Ann Arbor Transportation Authority special board meeting (Sept. 5, 2012): At a meeting called for the purpose of ratifying and releasing the final draft of a 5-year service plan, the four members of the AATA board who attended voted unanimously to approve its release. [.pdf of final 5-year transit program] Publication of the 5-year plan is a required part of the AATA’s possible transition into a new transit authority with a broader governance and service area – to be called The Washtenaw Ride.

AATA board table Sept. 5, 2012

Several members of the unincorporated Act 196 board attended the AATA’s Sept. 5 special board meeting. Clockwise from the near left corner of the table: Bob Mester (U196 West District – trustee, Lyndon Township); David Read (U196 North Middle District – trustee, Scio Township); Peter Murdock (U196 Ypsilanti District – councilmember, city of Ypsilanti); Roger Kerson, Charles Griffith, and Jesse Bernstein (AATA board members); Michael Ford (AATA CEO), David Nacht (AATA board);  Karen Lovejoy Roe (U196 Southeast District – clerk, Ypsilanti Township); and Bill Lavery (U196 South Middle District – resident, York Township).

According to a press release announcing the 5-year service plan’s final draft, a millage to support The Washtenaw Ride could be placed on the ballot by May 2013.

The estimated cost of the service in the plan is now 0.584 mills, an increase of 0.084 mills compared to the estimated cost in a draft plan that was released in April. Compared to the draft plan, the final version also includes several additional services, which were added based on input from district advisory committees (DACs).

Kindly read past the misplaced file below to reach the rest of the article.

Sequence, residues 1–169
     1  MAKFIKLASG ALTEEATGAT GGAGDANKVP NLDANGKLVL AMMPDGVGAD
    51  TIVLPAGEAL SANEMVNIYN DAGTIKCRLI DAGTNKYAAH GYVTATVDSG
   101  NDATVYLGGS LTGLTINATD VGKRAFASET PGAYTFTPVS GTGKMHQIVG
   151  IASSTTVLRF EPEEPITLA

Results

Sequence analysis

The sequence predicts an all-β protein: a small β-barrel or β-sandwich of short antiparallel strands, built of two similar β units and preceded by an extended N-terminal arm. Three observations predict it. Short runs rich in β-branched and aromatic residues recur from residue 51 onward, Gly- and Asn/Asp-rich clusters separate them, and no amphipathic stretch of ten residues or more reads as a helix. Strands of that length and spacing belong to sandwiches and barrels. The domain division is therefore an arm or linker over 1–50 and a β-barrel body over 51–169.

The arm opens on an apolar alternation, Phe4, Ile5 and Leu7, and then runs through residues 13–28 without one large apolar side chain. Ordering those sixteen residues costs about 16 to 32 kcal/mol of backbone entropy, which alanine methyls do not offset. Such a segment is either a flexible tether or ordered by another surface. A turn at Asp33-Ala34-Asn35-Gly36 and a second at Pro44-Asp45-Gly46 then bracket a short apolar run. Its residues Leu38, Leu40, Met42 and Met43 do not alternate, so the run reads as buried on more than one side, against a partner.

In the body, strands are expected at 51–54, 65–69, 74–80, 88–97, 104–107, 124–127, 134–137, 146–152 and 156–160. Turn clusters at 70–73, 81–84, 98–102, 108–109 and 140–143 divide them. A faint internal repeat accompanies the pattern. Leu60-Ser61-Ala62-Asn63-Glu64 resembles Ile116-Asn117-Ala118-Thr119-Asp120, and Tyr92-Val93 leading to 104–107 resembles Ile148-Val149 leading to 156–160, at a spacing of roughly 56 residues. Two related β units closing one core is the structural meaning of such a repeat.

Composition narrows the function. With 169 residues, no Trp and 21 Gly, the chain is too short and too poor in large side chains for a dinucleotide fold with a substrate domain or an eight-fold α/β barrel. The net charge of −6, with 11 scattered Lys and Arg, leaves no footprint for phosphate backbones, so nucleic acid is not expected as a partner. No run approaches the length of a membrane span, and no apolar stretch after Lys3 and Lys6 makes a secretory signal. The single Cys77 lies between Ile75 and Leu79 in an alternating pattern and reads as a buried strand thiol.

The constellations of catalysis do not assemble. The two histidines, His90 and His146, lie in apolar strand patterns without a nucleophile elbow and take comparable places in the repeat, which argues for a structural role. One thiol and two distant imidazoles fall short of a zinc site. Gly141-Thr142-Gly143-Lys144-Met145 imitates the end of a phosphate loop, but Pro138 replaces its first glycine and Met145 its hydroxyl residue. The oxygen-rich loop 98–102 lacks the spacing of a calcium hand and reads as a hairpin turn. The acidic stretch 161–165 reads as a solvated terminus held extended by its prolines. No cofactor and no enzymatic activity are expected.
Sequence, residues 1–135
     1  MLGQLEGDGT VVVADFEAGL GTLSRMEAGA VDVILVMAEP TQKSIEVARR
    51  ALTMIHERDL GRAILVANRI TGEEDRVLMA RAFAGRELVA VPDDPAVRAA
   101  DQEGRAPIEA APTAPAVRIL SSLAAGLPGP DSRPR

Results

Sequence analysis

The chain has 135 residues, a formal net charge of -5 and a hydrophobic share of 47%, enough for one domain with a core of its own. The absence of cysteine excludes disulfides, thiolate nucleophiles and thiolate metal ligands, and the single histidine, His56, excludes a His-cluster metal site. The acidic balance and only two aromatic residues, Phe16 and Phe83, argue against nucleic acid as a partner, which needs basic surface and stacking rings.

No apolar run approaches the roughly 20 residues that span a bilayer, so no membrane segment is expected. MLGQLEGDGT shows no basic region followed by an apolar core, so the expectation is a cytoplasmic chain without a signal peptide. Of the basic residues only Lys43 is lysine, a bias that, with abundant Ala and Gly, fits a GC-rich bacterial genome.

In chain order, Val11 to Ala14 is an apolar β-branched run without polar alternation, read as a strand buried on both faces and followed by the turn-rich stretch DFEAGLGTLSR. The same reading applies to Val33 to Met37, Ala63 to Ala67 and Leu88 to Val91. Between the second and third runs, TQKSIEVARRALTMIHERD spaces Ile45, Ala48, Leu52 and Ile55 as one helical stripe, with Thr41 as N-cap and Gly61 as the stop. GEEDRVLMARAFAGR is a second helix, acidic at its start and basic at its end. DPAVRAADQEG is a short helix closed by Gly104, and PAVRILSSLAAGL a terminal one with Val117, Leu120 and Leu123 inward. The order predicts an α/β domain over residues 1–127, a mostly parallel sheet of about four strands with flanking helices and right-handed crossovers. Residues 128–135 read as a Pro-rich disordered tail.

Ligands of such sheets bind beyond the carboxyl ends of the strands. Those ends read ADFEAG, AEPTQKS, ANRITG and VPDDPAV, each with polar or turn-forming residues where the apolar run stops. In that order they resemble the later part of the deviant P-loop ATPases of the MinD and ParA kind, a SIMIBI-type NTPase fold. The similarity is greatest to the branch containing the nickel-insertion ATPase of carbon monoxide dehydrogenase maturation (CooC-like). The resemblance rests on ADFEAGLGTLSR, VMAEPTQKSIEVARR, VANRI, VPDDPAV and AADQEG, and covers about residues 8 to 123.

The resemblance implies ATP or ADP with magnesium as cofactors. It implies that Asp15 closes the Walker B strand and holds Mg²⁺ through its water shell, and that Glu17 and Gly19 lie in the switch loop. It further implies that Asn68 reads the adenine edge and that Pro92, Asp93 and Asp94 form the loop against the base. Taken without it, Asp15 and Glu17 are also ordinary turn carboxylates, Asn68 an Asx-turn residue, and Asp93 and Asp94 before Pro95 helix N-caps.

The 5-year service plan includes: (1) countywide demand-responsive services and feeder services; (2) express bus services and local transit hub services; (3) local community connectors and local community circulators; (4) park-and-ride intercept lots; and (5) urban bus network enhancements. For Ann Arbor, the program includes increased bus frequencies on key corridors, increased operating hours, and more services on weekends. According to the Sept. 5 press release, Ann Arbor and Ypsilanti will get a 56% increase in service hours compared to current levels.

The possible transition from the AATA to The Washtenaw Ride will take place under the framework of a four-party agreement between the city of Ypsilanti, the city of Ann Arbor, Washtenaw County and the AATA.

The other vote taken by the AATA board at its Sept. 5 meeting stemmed from a formal protest in connection with the AATA’s award of a contract for handling advertising on its buses – to CBS Outdoor Advertising of Lexington, New York. The contract previously had been held by Transit Advertising Group Ann Arbor (TAG).

TAG president Randy Oram addressed the board during public commentary at the Sept. 5 meeting. Also during the meeting, AATA CEO Michael Ford pointed the board to his written response to the protest and asked board members to uphold his decision to award the contract to CBS. The board voted in a formal resolution to support the advertising contract award to CBS. [Full Story]

AATA OKs Amended Transit Agreement

The four-party agreement outlining a framework for a possible countywide transportation authority, and its articles of incorporation, has now been approved in its final form by all four parties to the agreement. The final approval came from the board of the Ann Arbor Transportation Authority at its Aug. 16, 2012 meeting. The other three parties to the agreement are the city of Ann Arbor, the city of Ypsilanti, and Washtenaw County.

The most recent iteration of approvals came as a result of an amendment to the articles of incorporation made by the Washtenaw County board of commissioners at its Aug. 1, 2012 meeting. The county board’s amendment changed the minimum threshold of votes required on the proposed new 15-member transit authority board, if the board decides … [Full Story]